AFTER THE SEWOL
Directed by Matthew Root, Neil George
On April 16, 2014, South Korea is convulsed by the sinking of MV Sewol. After days, weeks and months that followed the tragedy, the country became undone, untrusting, and more divided than ever. AFTER THE SEWOL explores the changing faces of this nation through the eyes of two British filmmakers. They talk with the victims’ relatives, rescue divers and activists about their struggles and battles since this tragic accident happened, and embark upon a journey to uncover how this accident came about. By looking deep into Korean history, they try to find out why no action was taken to prevent it in the first place. They travel across Korea, encountering all kinds of people — the elder generation struggling to create a safer place for their children, and the young, vibrant citizens fighting for a corrupt-free society. Their paths vary, but they are all searching for the same thing: the truth of the Sewol tragedy.
Directed by British filmmakers, this documentary presents South Korea’s social problems from an unusual perspective. It explores the causes to the problem from not only current political landscape but also the cultural context. For Koreans, the special emotion hen always exist in their collective memory. Hen is a kind of complicated emotion which means both regret and hate. When such a tragedy happens, they are naturally caught by this emotion, and forced reflect on the history and culture of their nation.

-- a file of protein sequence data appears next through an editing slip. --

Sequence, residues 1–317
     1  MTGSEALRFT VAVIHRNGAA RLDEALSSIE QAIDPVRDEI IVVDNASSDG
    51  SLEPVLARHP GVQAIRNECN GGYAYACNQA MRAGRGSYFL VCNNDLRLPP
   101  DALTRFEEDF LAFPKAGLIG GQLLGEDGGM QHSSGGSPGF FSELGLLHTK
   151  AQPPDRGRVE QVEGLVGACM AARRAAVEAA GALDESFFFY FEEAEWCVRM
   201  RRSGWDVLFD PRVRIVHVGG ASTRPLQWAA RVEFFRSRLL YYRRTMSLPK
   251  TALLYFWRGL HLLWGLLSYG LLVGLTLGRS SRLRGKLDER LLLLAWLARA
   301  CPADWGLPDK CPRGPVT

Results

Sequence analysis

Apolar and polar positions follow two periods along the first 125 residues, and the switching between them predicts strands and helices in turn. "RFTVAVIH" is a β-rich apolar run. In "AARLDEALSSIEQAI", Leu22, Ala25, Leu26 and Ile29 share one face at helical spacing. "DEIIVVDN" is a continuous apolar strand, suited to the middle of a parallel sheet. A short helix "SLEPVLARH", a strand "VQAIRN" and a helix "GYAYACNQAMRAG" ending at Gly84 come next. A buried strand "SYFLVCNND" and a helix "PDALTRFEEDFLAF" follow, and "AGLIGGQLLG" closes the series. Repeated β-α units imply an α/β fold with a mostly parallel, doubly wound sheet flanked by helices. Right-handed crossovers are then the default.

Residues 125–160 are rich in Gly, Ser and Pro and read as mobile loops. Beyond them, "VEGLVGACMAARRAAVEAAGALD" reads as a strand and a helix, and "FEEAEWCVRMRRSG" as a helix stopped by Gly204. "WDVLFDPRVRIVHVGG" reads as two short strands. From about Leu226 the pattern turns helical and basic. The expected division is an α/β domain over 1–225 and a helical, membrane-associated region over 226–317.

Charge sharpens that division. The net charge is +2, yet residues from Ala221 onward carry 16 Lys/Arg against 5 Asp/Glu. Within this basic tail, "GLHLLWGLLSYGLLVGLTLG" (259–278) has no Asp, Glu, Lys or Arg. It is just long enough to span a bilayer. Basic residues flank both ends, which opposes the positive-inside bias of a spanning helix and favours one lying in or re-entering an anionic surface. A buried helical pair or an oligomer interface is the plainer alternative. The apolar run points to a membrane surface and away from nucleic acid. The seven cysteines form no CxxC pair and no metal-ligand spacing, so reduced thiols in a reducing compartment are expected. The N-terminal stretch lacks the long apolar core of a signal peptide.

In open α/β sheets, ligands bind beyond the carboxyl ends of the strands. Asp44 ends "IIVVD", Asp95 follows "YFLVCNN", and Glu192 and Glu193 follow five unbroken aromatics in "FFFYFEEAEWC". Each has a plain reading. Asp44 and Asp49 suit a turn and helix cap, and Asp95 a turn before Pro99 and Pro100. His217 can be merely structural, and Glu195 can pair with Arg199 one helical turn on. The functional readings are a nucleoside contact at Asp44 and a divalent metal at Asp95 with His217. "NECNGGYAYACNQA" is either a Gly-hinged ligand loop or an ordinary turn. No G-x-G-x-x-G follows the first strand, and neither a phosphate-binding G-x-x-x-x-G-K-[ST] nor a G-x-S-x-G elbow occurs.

Screening made possible by: KoreanAmericanStory.org; Korean Community Services of Metropolitan New York, Inc. (KCS)
Matthew Root is a sound designer turned director who has worked on numerous productions since moving to South Korea in 2011. In Korea, Matthew has worked with clients such as Reebok, Angle Magazine, The Daegu Compass and The Discovery Channel.
Neil George is an award winning producer, director, director of photography and editor with over ten years of experience and has over 100 credits to his name as producer, director, editor or DP. This film is his third feature documentary since his moving to Korea in 2011.